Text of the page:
Sunday, June 4th | 16 Sivan 5783

April 20, 2023 9:44 am

Are You Sick? This Is How the Torah Wanted Us to Take Care of Our Souls

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avatar by Jeremy Rosen


Reading from a Torah scroll in accordance with Sephardi tradition. Photo: Sagie Maoz via Wikimedia Commons.

The chapters of the Torah that we are reading now are concerned with health, and what happens when our bodies do not function effectively or normally. Why do we get ill? Are we to blame for neglecting or misusing our bodies, or coming into contact with an infectious person? Who will cure us and how?

Religions often imply that we are at fault when things go wrong, and that repentance is the only cure. If only it could cure old age. However well-meaning these sentiments might be (perhaps as an impetus for us to improve ourselves), we know full well that many illnesses as well as catastrophes cannot possibly be because of our actions or failures. Since pre-historic times, priests, magicians, and miracle workers have all tried to help, using folk cures, incantations, or spells.

The ancient pioneers of scientific medicine understood illness through the system we now call the Four Humors — Air, Water, Fire, and Earth, which manifested themselves through the bodily elements of Black and Yellow Biles, Blood, and Phlegm. The Indian Ayurveda system added ether. Examining these substances could explain why the body was getting too hot or cold, and how to stop injuries and malaise from getting worse. They used herbal parts of animals, magic spells, amulets, and charms to comfort and reassure the sick that they could get better and deal with the problems that they had.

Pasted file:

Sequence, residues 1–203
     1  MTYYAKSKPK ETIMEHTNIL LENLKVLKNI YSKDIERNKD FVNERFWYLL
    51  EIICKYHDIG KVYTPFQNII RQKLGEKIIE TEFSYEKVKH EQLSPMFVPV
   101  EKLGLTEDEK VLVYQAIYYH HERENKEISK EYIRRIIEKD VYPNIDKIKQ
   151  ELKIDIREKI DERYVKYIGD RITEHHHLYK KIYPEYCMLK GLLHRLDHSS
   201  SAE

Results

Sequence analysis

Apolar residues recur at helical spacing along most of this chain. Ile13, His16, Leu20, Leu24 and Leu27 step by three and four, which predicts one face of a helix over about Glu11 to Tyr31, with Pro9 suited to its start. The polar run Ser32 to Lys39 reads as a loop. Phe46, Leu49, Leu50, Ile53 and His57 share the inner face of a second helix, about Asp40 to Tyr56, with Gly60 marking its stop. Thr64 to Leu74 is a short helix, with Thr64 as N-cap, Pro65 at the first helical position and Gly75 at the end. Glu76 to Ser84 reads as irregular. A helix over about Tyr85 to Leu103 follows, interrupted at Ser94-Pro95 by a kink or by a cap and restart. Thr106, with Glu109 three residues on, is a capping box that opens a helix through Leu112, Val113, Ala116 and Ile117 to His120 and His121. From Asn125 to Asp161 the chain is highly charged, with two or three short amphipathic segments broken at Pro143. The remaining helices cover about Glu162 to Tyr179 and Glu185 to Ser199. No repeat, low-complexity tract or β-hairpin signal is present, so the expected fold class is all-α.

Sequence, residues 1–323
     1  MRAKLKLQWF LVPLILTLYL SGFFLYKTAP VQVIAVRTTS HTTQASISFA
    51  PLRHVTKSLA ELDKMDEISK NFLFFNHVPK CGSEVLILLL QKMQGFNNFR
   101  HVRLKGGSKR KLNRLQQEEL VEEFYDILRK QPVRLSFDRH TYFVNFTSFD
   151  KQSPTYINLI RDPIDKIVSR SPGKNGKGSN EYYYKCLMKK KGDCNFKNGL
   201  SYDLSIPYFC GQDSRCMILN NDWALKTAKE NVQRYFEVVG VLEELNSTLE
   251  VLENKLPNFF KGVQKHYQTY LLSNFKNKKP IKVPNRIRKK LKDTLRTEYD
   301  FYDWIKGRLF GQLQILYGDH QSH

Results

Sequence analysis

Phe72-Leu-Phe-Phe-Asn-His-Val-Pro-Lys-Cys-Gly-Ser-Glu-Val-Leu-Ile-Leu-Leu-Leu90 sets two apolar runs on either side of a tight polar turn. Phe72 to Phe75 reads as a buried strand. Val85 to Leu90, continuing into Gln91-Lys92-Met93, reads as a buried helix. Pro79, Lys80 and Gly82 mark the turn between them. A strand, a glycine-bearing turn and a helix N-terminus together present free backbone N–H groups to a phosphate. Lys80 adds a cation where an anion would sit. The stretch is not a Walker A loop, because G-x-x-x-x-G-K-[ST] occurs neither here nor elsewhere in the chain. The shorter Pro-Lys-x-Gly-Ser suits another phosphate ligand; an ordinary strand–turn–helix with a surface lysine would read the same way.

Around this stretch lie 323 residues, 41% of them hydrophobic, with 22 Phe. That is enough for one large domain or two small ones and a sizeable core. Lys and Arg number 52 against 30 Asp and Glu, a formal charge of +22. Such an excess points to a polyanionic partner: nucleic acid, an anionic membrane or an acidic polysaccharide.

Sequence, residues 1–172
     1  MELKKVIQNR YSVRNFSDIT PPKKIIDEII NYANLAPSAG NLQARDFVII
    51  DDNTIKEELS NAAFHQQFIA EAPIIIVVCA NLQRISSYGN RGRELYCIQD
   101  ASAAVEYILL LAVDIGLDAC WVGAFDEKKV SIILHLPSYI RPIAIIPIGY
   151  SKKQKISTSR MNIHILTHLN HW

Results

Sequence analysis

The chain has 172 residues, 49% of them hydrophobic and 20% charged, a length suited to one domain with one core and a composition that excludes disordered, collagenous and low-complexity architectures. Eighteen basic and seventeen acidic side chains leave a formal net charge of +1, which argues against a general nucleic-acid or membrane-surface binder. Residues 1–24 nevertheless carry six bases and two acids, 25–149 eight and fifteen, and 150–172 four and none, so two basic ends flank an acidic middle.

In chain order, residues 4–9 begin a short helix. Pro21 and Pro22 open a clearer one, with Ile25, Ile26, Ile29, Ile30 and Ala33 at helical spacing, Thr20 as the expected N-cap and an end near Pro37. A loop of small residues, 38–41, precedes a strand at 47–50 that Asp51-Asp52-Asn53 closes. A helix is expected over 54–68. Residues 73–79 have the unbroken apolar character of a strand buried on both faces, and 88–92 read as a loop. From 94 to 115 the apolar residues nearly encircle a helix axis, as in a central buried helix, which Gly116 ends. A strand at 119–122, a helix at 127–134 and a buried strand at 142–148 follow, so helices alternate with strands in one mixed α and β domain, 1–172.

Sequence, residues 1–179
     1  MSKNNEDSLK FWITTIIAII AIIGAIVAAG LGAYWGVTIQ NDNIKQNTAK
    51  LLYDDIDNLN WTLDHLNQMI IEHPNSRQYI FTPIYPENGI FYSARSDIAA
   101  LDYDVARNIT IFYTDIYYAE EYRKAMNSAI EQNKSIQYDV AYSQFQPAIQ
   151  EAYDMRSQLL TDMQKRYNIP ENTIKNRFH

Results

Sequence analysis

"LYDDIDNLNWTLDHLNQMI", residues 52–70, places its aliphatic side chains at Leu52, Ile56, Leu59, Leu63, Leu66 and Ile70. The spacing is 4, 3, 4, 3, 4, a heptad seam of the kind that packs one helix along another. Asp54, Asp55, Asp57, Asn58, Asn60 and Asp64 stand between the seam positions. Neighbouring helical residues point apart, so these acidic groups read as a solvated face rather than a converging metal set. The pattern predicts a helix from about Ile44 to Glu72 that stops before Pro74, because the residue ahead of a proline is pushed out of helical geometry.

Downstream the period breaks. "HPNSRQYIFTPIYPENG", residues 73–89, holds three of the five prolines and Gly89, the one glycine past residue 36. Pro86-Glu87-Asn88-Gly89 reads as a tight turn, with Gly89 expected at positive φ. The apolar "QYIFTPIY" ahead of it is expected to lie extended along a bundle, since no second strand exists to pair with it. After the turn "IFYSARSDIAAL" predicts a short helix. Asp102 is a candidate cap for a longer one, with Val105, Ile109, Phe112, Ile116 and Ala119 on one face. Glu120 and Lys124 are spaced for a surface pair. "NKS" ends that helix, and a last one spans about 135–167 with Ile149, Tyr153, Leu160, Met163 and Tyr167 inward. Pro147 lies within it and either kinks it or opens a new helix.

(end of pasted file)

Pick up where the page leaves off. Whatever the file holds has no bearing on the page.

This week, the Torah opens the subject of health with childbirth and the measures to be taken both to give time to heal and to give thanks for recovery. The loss of blood was regarded as a possible sign of danger to life.  The ritual procedure was intended to emphasize the spiritual dimension as well as the physical. The priest would be called in to find out what was wrong, and prescribe a cure. At the same time, this would help people realize that there is another level of medicine, the spiritual. People needed emotional, and what we would now call psychological, help. All of this was the domain of the priests, who were supported by the community to function as doctors, therapists, teachers, and spiritual advisors in addition to their ceremonial roles.

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The priest could place the invalid in temporary quarantine before deciding whether it was serious enough to warrant longer isolation to protect the community, before allowing them back. This was followed by a religious procedure of gratitude for being cured, and atonement for any shortcomings. A process of rectification (Tikkun).

The Torah’s attitude to sickness is a  dual system that we might call holistic — connecting the physical to the religious, by insisting on rituals that act as reminders of moral obligations. The Talmud added a dimension of social rectification. It implied that physical sickness might also be the result of moral sickness, anti-social behavior, or destructive intentions. It linked Tsara’at to telling tales and gossip. It was concerned not just with physical failure but moral failure too, warning against destructive selfishness. This too was why they always said that historical catastrophes that befell us were often the result of our own failure. Even so, the Talmud insists that we should consult medical experts (Bava Kama 85a).

As science has developed, we know there’s a lot that it still doesn’t know. That’s one of the reasons why so many people turn even now to astrology and magic of different kinds and are often taken advantage of by charlatans. Our tradition includes physical, psychological, and all the other elements that go towards helping people cope with their problems physically and spiritually.

The Torah commands us to take care of our bodies and our souls. The detailed rituals of those times have been replaced by our daily prayers in which we thank God for our health and are reminded of our obligations to take care of our souls and bodies.

The author is a writer and rabbi, currently based in New York.

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